A Wife Committed to Cruz’s Ideals, but a Study in Contrasts to Him

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from The New York Times,

Ted Cruz & wife Heidi Nelson Cruz

At first glance, Senator Ted Cruz’s wife, Heidi Nelson Cruz, seems to be just the sort of person the Tea Party supporters who celebrate her husband’s anti-establishment positions love to hate.

A vegetarian with a Harvard M.B.A., Mrs. Cruz is a managing director at Goldman Sachs, one of the Wall Street firms that helped set off the populist rage that ushered Mr. Cruz into the Senate in 2012. She works for Goldman in Houston, where she lives with the couple’s two young children, and as her husband’s fame has increased — depending on the audience, he is among the most pilloried or revered members of the Senate — she has maintained a low profile.

“I think it works really well for our family for us both to have careers, and I know what my commitments are to Goldman,” Mrs. Cruz, 41, said in an interview last week in her husband’s Senate office. “I think it’s also really good for our girls to have me at home with them.”

Yet the fallout from her husband’s role in the Congressional fiscal showdown this month did not spare Mrs. Cruz, one half of what she calls “a great team.” And it was the Democrats who seemed to be making her background an issue.

As her husband helped force a government shutdown over his opposition to President Obama’s health care law and argued that members of Congress and their staffs should be forced to buy insurance without any government contribution, the Democrats sensed an opening.

Senator Richard J. Durbin of Illinois, the Senate’s No. 2 Democrat, tried to push Mr. Cruz into admitting that he was on his wife’s blue-chip Goldman health plan — a sign of hypocrisy, he implied.

And if her husband was evasive about where he got his health coverage, Mrs. Cruz was blunt.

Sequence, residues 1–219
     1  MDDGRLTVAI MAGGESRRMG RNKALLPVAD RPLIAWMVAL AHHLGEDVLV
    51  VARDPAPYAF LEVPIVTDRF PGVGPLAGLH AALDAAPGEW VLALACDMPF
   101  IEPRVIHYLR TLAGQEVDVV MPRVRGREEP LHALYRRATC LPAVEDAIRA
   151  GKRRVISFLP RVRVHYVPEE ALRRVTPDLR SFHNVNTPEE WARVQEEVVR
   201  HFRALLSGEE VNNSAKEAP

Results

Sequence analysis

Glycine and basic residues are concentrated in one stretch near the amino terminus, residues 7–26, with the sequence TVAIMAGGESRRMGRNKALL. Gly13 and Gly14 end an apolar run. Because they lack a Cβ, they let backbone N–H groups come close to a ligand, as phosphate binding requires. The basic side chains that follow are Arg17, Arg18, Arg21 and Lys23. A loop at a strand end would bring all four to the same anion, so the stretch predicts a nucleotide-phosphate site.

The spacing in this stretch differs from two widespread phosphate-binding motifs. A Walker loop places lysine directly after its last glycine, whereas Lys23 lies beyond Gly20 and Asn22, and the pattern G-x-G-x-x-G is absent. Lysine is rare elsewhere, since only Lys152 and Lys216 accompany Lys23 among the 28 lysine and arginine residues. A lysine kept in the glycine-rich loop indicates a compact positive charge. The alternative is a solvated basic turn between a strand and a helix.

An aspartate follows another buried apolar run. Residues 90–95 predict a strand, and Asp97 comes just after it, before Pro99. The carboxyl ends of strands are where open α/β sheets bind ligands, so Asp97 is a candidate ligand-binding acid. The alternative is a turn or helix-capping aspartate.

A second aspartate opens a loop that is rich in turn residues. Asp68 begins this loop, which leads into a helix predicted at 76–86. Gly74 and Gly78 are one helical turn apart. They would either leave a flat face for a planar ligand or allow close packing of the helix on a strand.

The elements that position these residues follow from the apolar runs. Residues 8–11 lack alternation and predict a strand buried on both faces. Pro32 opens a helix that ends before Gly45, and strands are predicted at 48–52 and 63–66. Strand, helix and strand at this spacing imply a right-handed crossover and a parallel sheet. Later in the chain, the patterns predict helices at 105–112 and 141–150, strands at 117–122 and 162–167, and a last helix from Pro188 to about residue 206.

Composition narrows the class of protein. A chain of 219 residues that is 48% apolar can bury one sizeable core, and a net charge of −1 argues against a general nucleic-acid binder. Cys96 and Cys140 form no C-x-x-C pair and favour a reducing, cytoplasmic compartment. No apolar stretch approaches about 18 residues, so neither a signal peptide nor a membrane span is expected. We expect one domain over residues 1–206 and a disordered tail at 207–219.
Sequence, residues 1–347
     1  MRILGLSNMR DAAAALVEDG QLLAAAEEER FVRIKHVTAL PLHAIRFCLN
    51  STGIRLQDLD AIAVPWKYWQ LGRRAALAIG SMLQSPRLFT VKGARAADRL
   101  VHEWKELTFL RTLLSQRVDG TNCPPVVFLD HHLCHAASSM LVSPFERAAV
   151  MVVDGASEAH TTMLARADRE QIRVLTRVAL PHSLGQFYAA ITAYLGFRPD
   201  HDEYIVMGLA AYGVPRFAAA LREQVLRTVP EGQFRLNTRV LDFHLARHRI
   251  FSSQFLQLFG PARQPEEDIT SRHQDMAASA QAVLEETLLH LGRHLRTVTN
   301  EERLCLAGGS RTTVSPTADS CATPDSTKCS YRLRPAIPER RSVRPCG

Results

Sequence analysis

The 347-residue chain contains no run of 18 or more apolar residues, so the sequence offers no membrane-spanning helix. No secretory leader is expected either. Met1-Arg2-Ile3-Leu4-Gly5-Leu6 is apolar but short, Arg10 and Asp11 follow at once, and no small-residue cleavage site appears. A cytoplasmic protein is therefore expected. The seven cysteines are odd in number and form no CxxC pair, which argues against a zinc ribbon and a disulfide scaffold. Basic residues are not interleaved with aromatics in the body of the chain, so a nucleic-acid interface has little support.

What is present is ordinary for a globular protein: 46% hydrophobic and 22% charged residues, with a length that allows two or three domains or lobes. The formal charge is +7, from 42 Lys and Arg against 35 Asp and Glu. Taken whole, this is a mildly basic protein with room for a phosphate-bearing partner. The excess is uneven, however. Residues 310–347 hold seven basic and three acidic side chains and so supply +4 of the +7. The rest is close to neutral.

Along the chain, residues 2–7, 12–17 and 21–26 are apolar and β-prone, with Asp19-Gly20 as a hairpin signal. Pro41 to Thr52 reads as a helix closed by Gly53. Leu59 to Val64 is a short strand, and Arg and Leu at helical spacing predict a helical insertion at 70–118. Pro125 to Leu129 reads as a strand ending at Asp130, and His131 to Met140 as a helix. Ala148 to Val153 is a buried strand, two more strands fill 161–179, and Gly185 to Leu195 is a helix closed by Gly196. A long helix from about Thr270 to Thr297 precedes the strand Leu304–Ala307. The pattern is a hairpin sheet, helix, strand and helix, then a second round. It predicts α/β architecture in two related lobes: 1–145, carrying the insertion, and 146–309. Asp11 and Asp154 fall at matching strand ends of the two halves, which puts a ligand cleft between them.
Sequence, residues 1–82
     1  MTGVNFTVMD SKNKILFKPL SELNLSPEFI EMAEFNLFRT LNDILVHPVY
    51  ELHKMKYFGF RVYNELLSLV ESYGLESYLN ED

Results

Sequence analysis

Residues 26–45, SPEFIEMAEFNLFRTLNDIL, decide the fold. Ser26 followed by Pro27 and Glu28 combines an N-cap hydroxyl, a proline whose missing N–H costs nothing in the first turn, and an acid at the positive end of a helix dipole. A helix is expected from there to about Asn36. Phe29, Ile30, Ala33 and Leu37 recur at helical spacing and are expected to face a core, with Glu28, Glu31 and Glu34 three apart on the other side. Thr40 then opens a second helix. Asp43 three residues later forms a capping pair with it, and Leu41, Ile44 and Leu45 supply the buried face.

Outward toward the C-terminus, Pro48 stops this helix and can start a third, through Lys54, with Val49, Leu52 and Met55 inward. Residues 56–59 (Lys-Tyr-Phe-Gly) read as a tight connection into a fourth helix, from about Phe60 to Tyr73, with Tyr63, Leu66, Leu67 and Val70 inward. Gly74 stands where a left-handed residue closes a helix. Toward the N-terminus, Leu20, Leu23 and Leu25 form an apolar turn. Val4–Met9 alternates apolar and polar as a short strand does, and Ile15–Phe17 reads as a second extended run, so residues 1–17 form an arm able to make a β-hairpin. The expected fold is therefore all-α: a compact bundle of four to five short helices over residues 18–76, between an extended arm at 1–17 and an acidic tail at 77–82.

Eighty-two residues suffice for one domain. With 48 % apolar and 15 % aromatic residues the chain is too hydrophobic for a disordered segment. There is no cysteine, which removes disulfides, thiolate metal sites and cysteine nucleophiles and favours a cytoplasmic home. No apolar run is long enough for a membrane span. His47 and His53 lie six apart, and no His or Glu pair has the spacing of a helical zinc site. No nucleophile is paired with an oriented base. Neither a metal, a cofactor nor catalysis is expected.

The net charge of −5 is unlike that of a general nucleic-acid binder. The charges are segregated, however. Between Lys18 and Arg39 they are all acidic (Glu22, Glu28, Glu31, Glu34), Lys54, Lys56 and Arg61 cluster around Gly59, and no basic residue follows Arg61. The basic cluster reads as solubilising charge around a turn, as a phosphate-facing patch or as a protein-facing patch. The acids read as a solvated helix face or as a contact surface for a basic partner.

“Ted is on my health care plan,” said Mrs. Cruz, who has worked in Goldman’s investment management division for eight years.

Catherine Frazier, a spokeswoman for the senator, confirmed the coverage, which Goldman said was worth at least $20,000 a year. “The senator is on his wife’s plan, which comes at no cost to the taxpayer and reflects a personal decision about what works best for their family,” she said.

Mrs. Cruz, both personally and professionally, is a complex study in contrasts to her husband. She describes herself as instinctively collaborative, and her husband as a man of big, fearless ideas — a seemingly polite way of saying that, yes, Mr. Cruz breaks a few pieces of china every now and then.

“Ted is very much a visionary,” she said. “He is very strategic, and he’s very practical, and he does what needs to be done, not what everybody wants him to do.”

Those who know Mrs. Cruz say that she is less ideological than her husband. During the Bush administration, where she worked first in the United States trade representative’s office and later in the Treasury Department and on the National Security Council, she was known as more of an analytical thinker than a partisan zealot. “Nothing in her background remotely approached Ted’s Scalia-like conservatism, … and they’re both extremely bright — and in conservative principles and ambition, but absent Ted, I don’t think Heidi would be moving in that particular branch of the Republican Party.”

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